Sponsored By
Farm Progress

Master Farmer Larry Holscher: A ‘servant farmer’Master Farmer Larry Holscher: A ‘servant farmer’

Slideshow: Larry Holscher is respected for developing an efficient farming operation and serving as a community leader. He and his wife, Kathy, raise crops and livestock with their family in Vincennes.

Tom J Bechman 1

June 29, 2017

8 Slides

Perhaps no one sums up better why Larry Holscher deserves to be a Master Farmer than Mike and Susan Brocksmith, neighbors and the couple who nominated Holscher for the award.

“Larry Holscher is the epitome of a servant farmer,” the Brocksmiths wrote. “He has outstanding farm management skills and is passing his valuable skills on to the next generation.

“He has not only been [so] on the farm, but also has been an exceptional leader to our community … All of this is overshadowed by devotion to God and his family.”

Those words might make Holscher blush, but several others supporting his nomination made similar comments.

Holscher grew up in a farming family, carved out his niche with his wife, Kathy, and has enabled the next generation to join them on the farm. At the same time, he has played key roles in managing local schools and even in managing the entire county during a term as county commissioner.

Born to farm
Holscher is the youngest of five boys. Three of his brothers — Don, Bob and Dave — moved to Palestine, Ill., to start farming there in 1974. They’re still farming with their families today.

Holscher and his brother Joe stayed near the home farm and worked with their father, Charles “Short” Holscher.  Two years ago, the brothers decided it was time to make an amicable split of the Indiana operation.

Holscher and his family now farm the original home farm. He and Kathy have already brought their sons Luke, Levi and Lance into the operation. The boys are involved in management, not just serving as employees. Short still works on the farm, as well.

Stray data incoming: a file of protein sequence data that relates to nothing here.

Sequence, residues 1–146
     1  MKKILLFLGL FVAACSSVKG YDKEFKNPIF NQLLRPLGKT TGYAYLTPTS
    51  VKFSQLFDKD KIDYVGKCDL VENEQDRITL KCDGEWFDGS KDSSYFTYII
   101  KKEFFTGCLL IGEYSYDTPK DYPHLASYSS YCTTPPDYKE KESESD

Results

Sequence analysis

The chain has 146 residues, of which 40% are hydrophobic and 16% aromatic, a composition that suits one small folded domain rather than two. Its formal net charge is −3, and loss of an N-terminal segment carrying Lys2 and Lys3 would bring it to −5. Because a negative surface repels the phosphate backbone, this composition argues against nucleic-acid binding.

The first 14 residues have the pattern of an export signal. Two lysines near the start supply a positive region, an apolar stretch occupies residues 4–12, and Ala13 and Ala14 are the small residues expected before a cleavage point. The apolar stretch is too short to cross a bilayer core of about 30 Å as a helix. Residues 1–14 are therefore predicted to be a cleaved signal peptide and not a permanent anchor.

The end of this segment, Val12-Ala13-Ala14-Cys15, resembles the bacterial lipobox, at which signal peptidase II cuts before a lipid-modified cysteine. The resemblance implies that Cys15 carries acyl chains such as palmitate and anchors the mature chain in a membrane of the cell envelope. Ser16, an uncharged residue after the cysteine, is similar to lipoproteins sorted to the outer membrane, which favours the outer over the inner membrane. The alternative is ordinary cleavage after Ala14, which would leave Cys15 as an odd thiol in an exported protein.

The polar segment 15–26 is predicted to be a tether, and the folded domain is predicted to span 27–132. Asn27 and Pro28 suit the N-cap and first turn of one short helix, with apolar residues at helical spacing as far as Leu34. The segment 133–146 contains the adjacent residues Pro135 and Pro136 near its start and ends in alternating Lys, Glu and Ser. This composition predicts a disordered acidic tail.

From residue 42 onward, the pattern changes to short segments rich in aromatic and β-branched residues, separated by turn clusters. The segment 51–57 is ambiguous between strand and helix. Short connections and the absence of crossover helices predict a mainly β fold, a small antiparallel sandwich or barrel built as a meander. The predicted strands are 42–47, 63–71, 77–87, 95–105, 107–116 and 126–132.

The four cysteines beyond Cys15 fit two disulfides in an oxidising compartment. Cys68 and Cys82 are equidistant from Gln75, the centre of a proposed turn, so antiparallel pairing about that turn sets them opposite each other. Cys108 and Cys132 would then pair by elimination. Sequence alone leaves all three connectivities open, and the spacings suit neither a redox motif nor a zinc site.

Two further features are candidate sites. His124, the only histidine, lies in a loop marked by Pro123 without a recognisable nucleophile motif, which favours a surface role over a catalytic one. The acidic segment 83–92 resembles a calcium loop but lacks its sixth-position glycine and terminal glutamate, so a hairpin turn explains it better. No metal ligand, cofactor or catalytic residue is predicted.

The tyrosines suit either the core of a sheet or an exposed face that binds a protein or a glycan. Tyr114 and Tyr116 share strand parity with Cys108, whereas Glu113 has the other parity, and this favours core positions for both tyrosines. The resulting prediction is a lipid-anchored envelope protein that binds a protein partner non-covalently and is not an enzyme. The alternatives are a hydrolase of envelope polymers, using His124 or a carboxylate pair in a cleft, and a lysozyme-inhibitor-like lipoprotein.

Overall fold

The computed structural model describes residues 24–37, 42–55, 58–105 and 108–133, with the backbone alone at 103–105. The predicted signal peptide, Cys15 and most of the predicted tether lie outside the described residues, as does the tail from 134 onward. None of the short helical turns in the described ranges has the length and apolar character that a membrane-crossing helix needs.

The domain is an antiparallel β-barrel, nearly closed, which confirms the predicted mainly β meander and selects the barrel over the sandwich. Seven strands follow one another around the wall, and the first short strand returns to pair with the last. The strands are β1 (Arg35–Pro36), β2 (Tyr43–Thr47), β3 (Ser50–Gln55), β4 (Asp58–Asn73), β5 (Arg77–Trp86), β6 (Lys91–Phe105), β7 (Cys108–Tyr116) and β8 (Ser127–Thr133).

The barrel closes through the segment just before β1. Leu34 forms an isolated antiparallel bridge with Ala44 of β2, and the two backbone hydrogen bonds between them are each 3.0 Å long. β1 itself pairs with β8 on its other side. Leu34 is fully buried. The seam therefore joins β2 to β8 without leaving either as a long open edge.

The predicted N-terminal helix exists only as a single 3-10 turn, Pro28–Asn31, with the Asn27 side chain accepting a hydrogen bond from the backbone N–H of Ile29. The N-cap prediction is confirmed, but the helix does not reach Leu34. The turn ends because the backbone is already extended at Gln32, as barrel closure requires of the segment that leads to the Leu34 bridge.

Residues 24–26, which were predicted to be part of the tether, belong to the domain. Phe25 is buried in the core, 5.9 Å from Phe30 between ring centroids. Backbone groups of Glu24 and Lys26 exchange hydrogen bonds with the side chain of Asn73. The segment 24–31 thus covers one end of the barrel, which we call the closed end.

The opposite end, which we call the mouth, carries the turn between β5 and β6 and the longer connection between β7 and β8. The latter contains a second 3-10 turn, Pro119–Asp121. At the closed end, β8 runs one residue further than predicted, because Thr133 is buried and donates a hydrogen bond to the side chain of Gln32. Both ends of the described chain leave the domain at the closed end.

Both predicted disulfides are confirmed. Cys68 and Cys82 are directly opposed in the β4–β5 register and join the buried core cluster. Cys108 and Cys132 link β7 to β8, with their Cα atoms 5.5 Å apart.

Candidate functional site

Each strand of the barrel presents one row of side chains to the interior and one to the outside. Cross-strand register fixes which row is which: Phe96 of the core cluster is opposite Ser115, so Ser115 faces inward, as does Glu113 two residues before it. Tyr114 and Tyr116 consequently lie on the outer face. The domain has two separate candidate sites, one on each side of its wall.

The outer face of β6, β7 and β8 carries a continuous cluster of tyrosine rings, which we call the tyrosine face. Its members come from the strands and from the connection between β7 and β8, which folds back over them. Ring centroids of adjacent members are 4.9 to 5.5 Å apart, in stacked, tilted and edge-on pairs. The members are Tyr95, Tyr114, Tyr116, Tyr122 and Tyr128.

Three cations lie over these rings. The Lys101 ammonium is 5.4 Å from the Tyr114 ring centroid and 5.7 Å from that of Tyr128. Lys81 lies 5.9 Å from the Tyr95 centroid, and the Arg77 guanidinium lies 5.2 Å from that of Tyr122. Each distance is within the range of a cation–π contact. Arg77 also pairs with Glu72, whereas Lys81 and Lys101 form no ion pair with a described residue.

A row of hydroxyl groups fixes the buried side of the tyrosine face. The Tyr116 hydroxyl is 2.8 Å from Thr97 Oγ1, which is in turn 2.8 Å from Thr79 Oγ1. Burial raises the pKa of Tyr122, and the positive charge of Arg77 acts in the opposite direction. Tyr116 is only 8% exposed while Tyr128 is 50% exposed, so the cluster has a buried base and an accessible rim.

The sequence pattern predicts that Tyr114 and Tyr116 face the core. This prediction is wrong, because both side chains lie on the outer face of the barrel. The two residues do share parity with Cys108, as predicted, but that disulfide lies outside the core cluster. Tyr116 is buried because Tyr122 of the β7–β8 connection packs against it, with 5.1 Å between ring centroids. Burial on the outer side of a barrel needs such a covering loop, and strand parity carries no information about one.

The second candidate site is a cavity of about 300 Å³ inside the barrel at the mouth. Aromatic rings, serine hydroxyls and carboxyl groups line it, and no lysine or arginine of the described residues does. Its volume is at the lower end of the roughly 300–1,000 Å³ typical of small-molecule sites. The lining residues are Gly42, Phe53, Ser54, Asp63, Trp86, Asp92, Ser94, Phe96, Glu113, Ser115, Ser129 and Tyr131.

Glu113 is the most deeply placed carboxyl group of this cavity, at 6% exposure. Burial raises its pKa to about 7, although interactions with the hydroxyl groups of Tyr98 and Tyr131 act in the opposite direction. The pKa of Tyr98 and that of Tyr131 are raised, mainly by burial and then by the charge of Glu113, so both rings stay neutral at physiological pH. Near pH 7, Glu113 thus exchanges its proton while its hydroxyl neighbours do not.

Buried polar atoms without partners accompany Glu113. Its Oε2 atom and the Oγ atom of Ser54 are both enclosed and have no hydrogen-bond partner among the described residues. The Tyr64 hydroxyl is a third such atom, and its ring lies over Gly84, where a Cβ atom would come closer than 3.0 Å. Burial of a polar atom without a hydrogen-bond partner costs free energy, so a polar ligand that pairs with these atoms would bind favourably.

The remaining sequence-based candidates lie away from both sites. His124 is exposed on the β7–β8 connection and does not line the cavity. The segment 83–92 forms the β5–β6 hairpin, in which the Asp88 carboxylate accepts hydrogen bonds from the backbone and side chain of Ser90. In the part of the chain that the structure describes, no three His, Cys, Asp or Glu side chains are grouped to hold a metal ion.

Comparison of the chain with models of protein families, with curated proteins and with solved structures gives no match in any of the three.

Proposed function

“I think it’s important to bring the next generation into the farm if they want to be part of it,” Holscher says. “Everybody has responsibilities, and they help manage the farm, as well.

“We’ve been interested in using precision farming techniques ever since 1996,” he adds. “If it can help us be more efficient or do a better job of managing our crops, then we invest in that particular technology.” 

Livestock adds diversity
Livestock played a big role on the farm until they phased out of hogs in the late 1990s, Holscher observes.

“With our boys coming back to be part of the operation, we looked at livestock again as a way to diversify, make use of labor and management resources, and add income,” he explains.

This time, after doing their homework, turkey production, not hogs, seemed like the best investment. Their older, vacant hog buildings would have needed replacing. So they built three turkey barns instead, and raise turkeys on contract for Farbest Farms.

“It wasn’t something we just jumped into overnight,” Holscher emphasizes. “Altogether it was about a two-year process from starting with the idea to selling our first flock of birds in April.”

One other factor swaying the decision to move toward turkeys was the value of poultry litter, Holscher adds. They treat it like a resource and use it in place of commercial fertilizer when possible.

Larry Holscher at a glance

Age: 55
Location: Vincennes, Knox County
Wife: Kathy
Off-farm employment: Larry has always farmed. Kathy worked as a registered nurse for 32 years. She recently took time off to obtain a psychiatric mental-health nurse practitioner degree.
Crops: corn, soybeans, wheat; some soybeans double-cropped after wheat
Livestock: built three turkey barns in 2016, recently sold first flock to Farbest Farms; total capacity of 27,000 birds
Tillage methods and more: The Holschers primarily no-till with cover crops on “high ground” and use minimal tillage where necessary on river-bottom fields; annual ryegrass, wheat and rye are primary cover crops used in the operation so far. Precision farming technology has been a large part of the farm operation since 1996. The Holschers use Climate FieldView to track rainfall and keep all other sorts of data about crops on a field-by-field basis.
Children: Luke, Levi (married to Chelsea), Lance and Kara Beth
Employees: sons Levi, Lance and Luke; Joe Evans; and Charles “Short” Holscher (Larry’s father)
Leadership roles: 16-year member, South Knox School Board; 2013-17 county commissioner, Knox County; four-year member, Good Samaritan Hospital Board; member, Catholic Church Committee
Notable: has coached and sponsored little league baseball teams and has also coached youth league basketball teams 

Check out the slideshow below to learn more about Holscher's operation.

About the Author(s)

Tom J Bechman 1

Editor, Indiana Prairie Farmer

Subscribe to receive top agriculture news
Be informed daily with these free e-newsletters

You May Also Like